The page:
BREANNE GEYLE, FIREFIGHTER FROM THE METROPOLITAN FIRE BRIGADE

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My first job out of school was in a brick and paver company in Taylors Lakes. Growing up, I didn’t want to be in the 9-to-5 office grind and wanted something that’s more than just a job. I remember thinking about being in the police force or with the paramedics but didn’t apply.

As it turns out, I have three uncles from Mum’s side who are all in the MFB. When I was about 17, I did some work experience at Eastern Hills Fire Station. Its Melbourne’s biggest station and I would be involved in Friday displays where the community can visit the station and have a look.

After that, I still didn’t think of firefighting as a career option until I was in my early 20s. I just didn’t think it was a career a female could pursue. However, I wasn’t happy where I was. I know my uncles love the job, and I’ve had chats with them about it. Loving a challenge, I decided to give it a good go and applied for the job. Unfortunately, the fitness component of the job was tough and I failed it. I had to wait for the advertisement again in a year’s time. Every year, there are thousands of applications but only a handful get accepted.

I worked on my fitness before the next recruitment drive. After I failed, I remember making up my mind and telling myself “This is what I want to do.” I trained for the Beep Test to make sure I could get to the level MFB wanted and spent a lot of time researching by visiting my uncles. By the time the next drive came around, I was ready. It was super competitive, but I was finally accepted. There were 36 of us. We spent three months doing a ‘Recruit course.’ There was lots of hot fire training, which involved actual fire and classroom stuff. We were from different backgrounds and industries. There are always a few ex-police and teachers; the MFB take a real variety of people.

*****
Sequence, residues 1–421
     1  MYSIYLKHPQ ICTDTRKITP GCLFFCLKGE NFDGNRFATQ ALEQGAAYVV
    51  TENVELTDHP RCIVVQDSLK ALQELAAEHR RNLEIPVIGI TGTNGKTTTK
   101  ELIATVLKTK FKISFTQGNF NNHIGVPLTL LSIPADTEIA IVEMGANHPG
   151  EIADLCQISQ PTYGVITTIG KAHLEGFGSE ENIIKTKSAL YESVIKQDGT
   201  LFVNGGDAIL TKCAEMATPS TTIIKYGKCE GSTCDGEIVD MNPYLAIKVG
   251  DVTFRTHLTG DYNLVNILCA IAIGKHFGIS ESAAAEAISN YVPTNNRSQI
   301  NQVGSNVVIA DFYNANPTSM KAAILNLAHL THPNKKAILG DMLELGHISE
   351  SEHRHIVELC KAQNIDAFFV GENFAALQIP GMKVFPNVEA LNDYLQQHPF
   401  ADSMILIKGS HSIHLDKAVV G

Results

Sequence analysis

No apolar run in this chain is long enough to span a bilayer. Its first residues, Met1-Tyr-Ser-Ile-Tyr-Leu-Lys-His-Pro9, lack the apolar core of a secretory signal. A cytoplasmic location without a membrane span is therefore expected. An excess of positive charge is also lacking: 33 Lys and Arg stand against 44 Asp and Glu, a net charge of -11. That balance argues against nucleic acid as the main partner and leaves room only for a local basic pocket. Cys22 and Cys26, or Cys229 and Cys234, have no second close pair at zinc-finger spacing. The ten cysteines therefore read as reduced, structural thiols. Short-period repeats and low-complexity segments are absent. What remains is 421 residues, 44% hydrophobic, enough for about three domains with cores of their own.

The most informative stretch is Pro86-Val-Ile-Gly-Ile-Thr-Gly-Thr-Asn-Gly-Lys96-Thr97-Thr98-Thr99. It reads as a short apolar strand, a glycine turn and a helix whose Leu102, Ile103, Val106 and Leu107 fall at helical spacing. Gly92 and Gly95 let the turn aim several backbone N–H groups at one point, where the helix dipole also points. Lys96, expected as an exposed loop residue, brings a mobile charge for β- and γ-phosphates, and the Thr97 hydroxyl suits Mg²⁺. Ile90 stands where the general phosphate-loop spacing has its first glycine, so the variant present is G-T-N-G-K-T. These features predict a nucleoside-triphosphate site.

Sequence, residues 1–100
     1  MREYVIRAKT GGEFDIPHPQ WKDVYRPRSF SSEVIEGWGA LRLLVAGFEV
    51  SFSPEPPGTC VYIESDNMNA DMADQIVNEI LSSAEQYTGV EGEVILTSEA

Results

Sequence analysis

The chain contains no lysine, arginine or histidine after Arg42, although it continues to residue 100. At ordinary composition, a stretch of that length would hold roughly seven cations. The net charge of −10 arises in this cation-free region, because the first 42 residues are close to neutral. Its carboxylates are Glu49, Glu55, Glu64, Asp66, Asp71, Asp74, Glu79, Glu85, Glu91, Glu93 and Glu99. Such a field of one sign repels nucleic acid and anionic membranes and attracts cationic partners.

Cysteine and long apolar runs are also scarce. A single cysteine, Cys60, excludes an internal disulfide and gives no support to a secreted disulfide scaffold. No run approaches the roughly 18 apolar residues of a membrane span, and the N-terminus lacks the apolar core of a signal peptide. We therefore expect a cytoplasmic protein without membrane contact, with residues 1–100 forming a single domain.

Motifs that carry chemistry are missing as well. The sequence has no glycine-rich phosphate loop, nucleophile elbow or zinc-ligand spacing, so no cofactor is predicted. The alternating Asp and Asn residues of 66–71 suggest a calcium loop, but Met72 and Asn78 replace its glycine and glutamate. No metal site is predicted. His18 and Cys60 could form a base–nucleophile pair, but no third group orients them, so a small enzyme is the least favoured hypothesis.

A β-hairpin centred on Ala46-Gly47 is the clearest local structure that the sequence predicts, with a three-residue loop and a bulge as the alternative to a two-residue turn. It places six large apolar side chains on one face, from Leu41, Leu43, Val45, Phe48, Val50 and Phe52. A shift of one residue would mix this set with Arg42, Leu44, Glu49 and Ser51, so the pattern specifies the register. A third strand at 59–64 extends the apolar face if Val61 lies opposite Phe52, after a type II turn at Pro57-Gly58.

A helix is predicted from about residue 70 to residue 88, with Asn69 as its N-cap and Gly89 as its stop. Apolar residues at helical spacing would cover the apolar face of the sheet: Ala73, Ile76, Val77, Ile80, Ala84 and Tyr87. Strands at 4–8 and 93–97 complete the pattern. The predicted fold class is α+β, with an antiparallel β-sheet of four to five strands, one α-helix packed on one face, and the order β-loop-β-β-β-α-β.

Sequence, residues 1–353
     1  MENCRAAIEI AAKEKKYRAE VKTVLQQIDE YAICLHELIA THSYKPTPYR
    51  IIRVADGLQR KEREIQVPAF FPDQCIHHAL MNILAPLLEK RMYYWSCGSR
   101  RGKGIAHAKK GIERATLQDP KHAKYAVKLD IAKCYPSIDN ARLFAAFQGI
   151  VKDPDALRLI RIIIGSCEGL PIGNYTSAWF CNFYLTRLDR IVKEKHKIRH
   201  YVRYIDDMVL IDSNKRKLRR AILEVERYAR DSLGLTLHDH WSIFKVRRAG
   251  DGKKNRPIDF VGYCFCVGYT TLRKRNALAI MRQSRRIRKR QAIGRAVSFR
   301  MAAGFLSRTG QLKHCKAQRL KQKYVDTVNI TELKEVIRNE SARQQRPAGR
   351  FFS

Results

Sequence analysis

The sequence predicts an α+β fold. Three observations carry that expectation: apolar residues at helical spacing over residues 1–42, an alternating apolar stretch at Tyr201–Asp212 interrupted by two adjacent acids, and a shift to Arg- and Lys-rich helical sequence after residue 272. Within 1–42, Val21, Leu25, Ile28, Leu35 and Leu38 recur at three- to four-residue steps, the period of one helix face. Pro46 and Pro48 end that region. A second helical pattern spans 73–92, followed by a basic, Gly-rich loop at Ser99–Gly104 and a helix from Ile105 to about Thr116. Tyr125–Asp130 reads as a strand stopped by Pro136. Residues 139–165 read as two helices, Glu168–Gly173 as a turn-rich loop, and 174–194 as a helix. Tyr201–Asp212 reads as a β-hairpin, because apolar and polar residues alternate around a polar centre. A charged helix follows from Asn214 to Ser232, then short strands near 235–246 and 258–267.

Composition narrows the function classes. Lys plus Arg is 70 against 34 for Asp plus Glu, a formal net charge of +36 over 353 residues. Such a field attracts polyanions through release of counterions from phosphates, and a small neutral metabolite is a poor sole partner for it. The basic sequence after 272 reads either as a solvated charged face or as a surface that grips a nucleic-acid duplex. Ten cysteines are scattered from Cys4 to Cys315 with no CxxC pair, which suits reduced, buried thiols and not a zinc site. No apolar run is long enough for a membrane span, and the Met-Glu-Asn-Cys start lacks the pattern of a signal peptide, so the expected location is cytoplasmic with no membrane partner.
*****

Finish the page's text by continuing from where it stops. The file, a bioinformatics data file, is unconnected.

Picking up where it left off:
I spent my first year at Newport Fire Station. I was living in Altona Meadows then. The general rule is, you move to the CBD after a few years, experiencing different types of work. In the CBD, there are lots of high rise buildings and incidents such as bin fires and office fire alarms from a toaster take up time. In the suburbs when we get called, it’s generally much bigger incidents such a car accident requiring medical response. It’s good to have a mix of both. I have spent eight years in West Melbourne station, one year in Newport and about six years in South Melbourne. I’m currently based in Taylors Lakes Fire Station.

After a long time in the CBD, I got involved in the marine department. I obtained my marine qualification, enabling me to be a marine firefighter. I also completed my HAZMAT course. There are only about 150 of us in Victoria who have both qualifications.

Being a firefighter means you have to be confident in your decisions and forced to make a quick decision as time is critical. You hope everyone trusts each other, is happy and look forward to sitting down and having a meal with each other. You’re basically living with these people in the downtime. It’s important you become close to the people you work with as you need to rely on each other.

My grandpa is Polish and nanna is Russian (Dad’s side). They met on the train journey here after the war and have three kids. Their first home was in Maryston Street in Yarraville. I lived there for about four years and moved out at 22 as I got married. I have four kids. One by birth – Des – from my marriage to my second husband Josh, and three stepkids from his first marriage. My stepkids are with us every second weekend. Josh and I got married five years ago.

The MFB is keen to advertise themselves as an ideal employer for women, and if there are any women within the Inner West who are keen to explore the idea, I am happy to talk to them. It’s important women go up the ranks and have an impact on the organisation on decision-making.

Firefighting is a 30-year career. No one comes in and leaves. In the last 17 years, I can count on one hand the number of people who have left before 30 years. It’s a lifetime career that challenges you, and you never know what you’re going to be doing next.


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